Of the area’s 105 churches, 99 were severely damaged. Shortly after the quake, the Italian culture ministry estimated it would take €30 million to rebuild the city’s treasures. It has taken more than that so far to just relocate the population and shore up the buildings. No schools, churches or hospitals have been rebuilt yet, though temporary structures are now permanent fixtures on the landscape.
Now the restructuring plans call for more than €525 million. The Italian culture ministry is still calling for bids for anyone who wants to adopt a church to fix in what is a desperate plea for help. Each time a roof is patched or a church is open for mass, Father Domenico Marcocci the cultural director of the L’Aquila diocese calls it a miracle. “They won’t all be repaired in my lifetime,” he told The Daily Beast. “And we only have the good will of others to rely on.”
But not everyone’s good will has paid off. President Barack Obama, on a tour of the disaster zone during the 2009 post-quake summit promised $4.5 million to restore the church of Santa Maria Paganica, a few miles from the L’Aquila city center. The money never came. Today the church is wrapped in scaffolding and metal ribbons are holding its façade in place until someone pays to repair it. It is back on Italy’s culture ministry’s list of churches to adopt. The American embassy in Rome had no information on the matter.
The Spanish government also vowed at the time to restore the city’s 15th-century Spanish Castle that housed the national Abruzzo museum, which is now housed in storage units in Rome. That money never came either, so the Italian government put aside €14 million to do the work themselves. The Spanish embassy in Rome could not immediately address the lack of funds.
France, Germany and Russia are a few of G8 countries that have so far made good on their pledges. The French government was the first to come through, giving €3.35 million to help restore the church of Santa Maria del Suffragio also known as the church of the Anime Sante on L’Aquila’s main square, though work so far has been primarily focused on shoring up the structure and saving what pieces of the collapsed dome can be used in the restoration. The dome could be rebuilt by 2021 if work stays on schedule, according to workers at the site.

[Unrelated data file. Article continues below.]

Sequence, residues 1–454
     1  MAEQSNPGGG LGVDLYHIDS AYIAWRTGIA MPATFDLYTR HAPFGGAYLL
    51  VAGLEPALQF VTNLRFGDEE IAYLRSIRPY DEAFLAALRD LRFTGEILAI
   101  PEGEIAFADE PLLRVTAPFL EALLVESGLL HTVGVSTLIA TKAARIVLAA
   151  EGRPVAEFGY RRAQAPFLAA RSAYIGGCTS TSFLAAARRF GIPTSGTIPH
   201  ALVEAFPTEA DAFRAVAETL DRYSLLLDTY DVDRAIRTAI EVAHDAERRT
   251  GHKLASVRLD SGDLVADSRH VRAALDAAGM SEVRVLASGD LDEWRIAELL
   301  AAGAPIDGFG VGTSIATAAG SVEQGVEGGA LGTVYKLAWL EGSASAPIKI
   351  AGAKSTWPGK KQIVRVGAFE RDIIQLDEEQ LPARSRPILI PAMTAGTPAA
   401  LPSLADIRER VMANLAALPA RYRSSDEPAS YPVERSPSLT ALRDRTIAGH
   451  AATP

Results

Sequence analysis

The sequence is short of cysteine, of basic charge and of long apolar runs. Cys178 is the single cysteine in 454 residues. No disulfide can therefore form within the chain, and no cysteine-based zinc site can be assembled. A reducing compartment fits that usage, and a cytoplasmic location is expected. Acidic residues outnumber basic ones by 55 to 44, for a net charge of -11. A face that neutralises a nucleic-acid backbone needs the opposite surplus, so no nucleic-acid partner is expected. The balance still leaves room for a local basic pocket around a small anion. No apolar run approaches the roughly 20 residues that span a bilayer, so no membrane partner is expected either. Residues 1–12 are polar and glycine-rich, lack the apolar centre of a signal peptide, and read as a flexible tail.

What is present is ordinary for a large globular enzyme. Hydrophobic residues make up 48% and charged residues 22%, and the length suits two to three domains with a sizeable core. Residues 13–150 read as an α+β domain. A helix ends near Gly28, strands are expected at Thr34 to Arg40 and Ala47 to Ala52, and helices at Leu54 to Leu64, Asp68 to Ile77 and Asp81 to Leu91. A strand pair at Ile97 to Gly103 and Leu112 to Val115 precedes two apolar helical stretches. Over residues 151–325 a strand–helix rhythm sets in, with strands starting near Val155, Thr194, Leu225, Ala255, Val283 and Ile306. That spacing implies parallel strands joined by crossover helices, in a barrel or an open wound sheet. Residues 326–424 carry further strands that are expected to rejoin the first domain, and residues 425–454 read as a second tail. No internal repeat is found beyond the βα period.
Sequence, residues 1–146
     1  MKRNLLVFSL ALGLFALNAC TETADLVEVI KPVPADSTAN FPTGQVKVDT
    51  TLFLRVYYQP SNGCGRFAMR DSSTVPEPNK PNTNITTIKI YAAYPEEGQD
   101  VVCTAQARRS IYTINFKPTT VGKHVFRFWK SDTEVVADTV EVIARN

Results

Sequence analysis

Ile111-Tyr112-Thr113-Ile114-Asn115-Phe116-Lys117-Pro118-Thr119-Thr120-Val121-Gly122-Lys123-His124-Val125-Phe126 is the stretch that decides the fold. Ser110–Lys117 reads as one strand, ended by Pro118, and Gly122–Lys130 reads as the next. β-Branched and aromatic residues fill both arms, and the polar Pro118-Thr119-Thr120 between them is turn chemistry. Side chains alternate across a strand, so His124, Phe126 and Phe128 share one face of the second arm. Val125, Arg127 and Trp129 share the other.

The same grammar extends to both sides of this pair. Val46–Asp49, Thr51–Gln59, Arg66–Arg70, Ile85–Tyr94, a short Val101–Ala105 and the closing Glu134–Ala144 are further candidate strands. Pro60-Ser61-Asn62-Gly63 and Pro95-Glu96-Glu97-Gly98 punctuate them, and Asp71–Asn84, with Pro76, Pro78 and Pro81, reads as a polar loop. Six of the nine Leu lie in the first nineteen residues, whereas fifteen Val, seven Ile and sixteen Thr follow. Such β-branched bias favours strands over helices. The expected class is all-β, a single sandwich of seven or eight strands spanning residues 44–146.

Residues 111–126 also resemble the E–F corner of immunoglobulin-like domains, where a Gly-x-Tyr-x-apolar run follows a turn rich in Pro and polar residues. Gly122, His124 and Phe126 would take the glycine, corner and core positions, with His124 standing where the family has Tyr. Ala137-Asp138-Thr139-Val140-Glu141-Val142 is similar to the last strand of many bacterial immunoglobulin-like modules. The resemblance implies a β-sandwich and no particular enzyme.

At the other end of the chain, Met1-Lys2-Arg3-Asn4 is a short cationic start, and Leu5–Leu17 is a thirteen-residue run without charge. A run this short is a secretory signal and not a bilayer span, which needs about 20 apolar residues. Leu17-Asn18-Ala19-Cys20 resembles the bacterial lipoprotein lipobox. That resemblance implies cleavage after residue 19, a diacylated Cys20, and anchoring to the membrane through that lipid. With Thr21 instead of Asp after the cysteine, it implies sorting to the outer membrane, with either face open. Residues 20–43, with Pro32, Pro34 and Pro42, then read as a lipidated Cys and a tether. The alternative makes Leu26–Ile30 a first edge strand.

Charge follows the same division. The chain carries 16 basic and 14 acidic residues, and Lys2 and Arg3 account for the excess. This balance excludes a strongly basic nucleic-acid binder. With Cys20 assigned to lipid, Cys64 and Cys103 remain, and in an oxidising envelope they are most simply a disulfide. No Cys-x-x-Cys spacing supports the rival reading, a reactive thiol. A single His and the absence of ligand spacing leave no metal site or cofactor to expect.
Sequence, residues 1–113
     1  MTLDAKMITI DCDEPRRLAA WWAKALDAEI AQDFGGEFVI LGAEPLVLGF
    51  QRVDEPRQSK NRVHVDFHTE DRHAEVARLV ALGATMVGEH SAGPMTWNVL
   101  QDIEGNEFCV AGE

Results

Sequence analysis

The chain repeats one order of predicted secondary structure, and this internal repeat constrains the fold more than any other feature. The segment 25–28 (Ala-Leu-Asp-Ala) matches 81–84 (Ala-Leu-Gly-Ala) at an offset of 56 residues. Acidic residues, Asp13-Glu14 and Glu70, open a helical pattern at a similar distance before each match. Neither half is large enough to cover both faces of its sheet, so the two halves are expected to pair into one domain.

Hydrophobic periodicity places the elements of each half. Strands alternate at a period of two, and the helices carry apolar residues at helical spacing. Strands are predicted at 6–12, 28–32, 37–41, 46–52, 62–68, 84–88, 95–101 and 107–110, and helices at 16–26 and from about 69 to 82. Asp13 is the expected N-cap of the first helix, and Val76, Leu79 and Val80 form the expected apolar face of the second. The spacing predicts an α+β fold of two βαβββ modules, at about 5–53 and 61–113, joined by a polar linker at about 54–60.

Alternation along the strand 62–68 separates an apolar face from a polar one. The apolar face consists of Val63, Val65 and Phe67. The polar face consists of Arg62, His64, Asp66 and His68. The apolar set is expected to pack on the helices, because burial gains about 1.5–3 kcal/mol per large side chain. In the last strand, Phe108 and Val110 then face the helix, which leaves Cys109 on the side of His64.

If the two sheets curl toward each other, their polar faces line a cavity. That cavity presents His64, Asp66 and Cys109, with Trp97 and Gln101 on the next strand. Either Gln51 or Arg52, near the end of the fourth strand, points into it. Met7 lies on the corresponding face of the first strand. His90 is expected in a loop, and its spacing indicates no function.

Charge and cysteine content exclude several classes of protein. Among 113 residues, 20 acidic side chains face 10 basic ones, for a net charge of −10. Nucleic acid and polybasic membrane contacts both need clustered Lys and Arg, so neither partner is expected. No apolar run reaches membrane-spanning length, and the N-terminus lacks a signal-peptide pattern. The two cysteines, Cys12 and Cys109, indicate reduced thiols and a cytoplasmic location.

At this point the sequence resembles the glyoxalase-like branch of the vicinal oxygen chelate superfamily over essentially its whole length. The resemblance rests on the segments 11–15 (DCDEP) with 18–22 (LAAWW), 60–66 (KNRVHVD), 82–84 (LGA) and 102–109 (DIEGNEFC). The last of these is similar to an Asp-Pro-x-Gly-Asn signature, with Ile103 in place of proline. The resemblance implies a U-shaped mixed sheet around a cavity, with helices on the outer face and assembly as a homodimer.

Last summer the oratorio of Oratorio San Giuseppe Dei Minimi in L’Aquila’s historical center opened with an inaugural concert thanks to the government of Kazakhstan’s donation of €1.7 million.
Canada has also promised more €3 million to build a student center to replace the one that collapsed in the quake, killing eight students. And Japan pledged a half a million euro towards various infrastructure projects, according to Italy’s civil protection authority that keeps a tally of donations. Australia and the World Monuments Fund are each expected to give several million to restore churches, though the timing has yet to be negotiated, a spokesperson for Italy’s culture ministry told The Daily Beast.
In October 2013, German builders finally opened their construction site in the largely demolished L’Aquila suburb of Onna—where 38 people died when every building in the town collapsed—thanks to a €3.5 million pledge that took five years to deliver. The donation is especially poignant because the 13th-century church where the money will go is where German troops killed 17 Italians during World War II in a retaliation attack. The Onna church is expected to take up to 12 years to restore. The town itself will likely never rise again. In its place are rows of flat temporary houses and a wood-framed church with the bell from the destroyed one housed in a makeshift bell tower.
Russia has been the most generous donor of all, giving more than €7 million to restore the church of San Gregorio Magno in L’Aquila and the 16th century Palazzo Ardinghelli noble palace in Paganica, around the corner from the church the American government promised, then so far failed to restore.
But even if the promised money does finally arrive, there is scant guarantee it will be used appropriately. Last June, five officials including Fabrizio Magani, the deputy for L’Aquila’s regional culture ministry were arrested on corruption charges for alleged mishandling of restoration funds. The charges included corruption, perjury, bid-fixing and fraud. Last January, the vice-mayor of L’Aquila Roberto Riga was forced to resign after accusations of bribery in awarding building contracts.
L’Aquila’s most recent mayor Massimo Cialente, who resigned in June when most of his cabinet was indicted for corruption but who may consider taking the job again, said he quit because he was “a mayor with no city.” He told The Daily Beast that his city was like a war zone. “It was like being the mayor of Kabul,” he said. “There are only forces trying to defeat us, none trying to help.” It just takes a walk through L’Aquila’s dead town center to prove his point.